Water to the fore!

Water to the fore!
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November 2014

 

Hydraulic components made by Rexroth enhance safety on offshore oil platforms. In case of a fire, they supply water to the sprinkler systems in a matter of seconds.

 

The fire-fighting exercise was an absolute success. The crew on the Brazilian oil platform gathered in the designated areas and within a few seconds the sprinklers poured water into every corner. In a real emergency, it is vital that all the procedures be correct and that all the technical equipment functions quickly and reliably. “This firefighting equipment must function under all circumstances. It must never fail!” emphasized Rogério Silva, manager for offshore technology at Bosch Rexroth in Brazil. The fire drill made it quite clear that everything runs without a hitch. The hydraulic extinguishing system immediately raised pressure from 30 to 350 bar. The sprinklers can spread 3.5 million liters of water over the platform – each and every hour.

Silva checks the CAD for the hydraulic unit.

Silva checks the CAD for the hydraulic unit.

 

Well thought out for high performance

Thirty meters beneath the platform but above water level, a sophisticated system ensures that everything works as planned. Bosch Rexroth worked it out together with Sulzer Brasil S.A., a pump manufacturer. The central element is an axial piston motor that drives an underwater, tandem-piston pump. It can, in the shortest conceivable time, deliver enormous quantities of seawater to the extinguishing system on the platform. Even if no fire alarm has sounded, the hydraulic motor runs continuously, at a slow 100 revolutions per minute. “This is important because, if there were longer downtimes, crabs and other marine animals would collect there,” Silva explains. If the motor were to start only when an alarm is signaled, those animals might interfere with the system. This is because, in case of a fire, the speed is raised almost instantly to as much as 1,600 rpm. A filter system ensures, in addition, that the oil is very clean.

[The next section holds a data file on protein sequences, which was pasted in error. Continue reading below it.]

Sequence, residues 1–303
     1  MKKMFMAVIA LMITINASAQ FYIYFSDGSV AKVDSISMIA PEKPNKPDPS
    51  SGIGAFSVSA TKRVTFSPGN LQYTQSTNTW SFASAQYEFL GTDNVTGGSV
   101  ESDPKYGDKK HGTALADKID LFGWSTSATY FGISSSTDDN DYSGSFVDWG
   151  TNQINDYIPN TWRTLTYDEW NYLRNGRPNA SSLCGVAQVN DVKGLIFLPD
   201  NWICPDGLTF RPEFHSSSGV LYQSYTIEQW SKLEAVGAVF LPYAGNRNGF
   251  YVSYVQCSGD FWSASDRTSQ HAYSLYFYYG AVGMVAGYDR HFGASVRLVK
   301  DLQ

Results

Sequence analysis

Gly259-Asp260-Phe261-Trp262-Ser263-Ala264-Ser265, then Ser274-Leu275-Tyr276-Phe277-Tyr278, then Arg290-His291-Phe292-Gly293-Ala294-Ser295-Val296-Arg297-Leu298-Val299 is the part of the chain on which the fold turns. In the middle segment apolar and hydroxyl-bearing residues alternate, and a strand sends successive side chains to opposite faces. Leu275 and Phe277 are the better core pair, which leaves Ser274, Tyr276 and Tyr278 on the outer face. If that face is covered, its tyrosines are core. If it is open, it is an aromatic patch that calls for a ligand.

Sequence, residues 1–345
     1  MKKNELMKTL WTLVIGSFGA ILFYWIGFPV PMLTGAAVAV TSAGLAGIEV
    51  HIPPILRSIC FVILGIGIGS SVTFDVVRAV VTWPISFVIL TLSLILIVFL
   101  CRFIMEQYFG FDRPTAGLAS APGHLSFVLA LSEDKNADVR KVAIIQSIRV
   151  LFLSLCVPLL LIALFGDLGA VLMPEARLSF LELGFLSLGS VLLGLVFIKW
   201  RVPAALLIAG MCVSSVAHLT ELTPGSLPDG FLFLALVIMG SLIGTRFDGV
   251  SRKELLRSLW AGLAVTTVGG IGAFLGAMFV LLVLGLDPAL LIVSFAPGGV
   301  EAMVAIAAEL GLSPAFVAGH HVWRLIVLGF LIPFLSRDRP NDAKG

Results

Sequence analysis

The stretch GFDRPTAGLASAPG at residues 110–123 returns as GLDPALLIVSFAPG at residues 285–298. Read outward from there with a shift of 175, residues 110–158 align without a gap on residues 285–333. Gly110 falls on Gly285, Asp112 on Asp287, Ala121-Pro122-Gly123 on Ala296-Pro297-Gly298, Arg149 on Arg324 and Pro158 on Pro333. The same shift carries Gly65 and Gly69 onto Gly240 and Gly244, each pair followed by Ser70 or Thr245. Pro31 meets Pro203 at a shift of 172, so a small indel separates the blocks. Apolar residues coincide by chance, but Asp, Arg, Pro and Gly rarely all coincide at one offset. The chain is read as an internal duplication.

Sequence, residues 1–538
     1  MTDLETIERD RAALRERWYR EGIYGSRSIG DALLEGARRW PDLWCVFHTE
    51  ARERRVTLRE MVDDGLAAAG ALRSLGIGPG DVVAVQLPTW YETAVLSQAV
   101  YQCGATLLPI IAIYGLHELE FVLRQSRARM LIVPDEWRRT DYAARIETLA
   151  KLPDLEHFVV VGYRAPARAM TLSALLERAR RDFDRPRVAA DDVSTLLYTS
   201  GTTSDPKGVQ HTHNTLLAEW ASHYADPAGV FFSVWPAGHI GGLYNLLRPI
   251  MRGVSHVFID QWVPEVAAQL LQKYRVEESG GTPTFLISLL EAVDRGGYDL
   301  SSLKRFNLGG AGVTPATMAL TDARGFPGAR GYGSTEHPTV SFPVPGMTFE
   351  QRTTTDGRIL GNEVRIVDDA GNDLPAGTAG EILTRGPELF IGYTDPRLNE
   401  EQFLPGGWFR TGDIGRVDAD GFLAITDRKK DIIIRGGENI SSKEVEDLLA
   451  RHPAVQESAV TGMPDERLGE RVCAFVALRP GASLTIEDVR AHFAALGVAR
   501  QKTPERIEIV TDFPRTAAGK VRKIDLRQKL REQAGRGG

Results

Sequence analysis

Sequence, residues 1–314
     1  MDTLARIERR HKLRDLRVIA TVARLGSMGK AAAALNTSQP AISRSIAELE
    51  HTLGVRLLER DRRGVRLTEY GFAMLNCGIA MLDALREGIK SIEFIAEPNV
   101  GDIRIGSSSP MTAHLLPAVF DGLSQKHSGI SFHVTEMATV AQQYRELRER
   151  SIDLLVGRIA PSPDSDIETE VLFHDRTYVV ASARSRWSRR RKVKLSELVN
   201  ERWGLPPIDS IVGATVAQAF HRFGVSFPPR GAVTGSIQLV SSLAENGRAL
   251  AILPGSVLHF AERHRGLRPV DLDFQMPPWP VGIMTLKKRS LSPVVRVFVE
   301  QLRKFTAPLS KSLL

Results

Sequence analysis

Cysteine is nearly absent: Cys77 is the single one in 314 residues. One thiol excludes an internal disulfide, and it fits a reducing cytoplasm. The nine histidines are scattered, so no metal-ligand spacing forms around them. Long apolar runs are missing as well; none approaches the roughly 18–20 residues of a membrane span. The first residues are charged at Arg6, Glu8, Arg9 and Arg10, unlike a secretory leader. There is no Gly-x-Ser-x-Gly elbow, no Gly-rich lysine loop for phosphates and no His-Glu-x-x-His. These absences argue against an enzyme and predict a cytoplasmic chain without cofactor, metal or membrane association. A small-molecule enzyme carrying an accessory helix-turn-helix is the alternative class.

Assembling the unit at the Pomerode plant in Brazil.

Assembling the unit at the Pomerode plant in Brazil.

 

“The ruggedness and reliability of the components and their low maintenance needs topped the list during development,” emphasizes Rogério Silva. “At the same time, the system was to be as small as possible – and that was a genuine challenge.” The project team used 3D models to find a solution and today everything meshes perfectly. “It was also important to work closely with the customer during the entire project. This made it possible to avoid errors,” says Rogério Silva.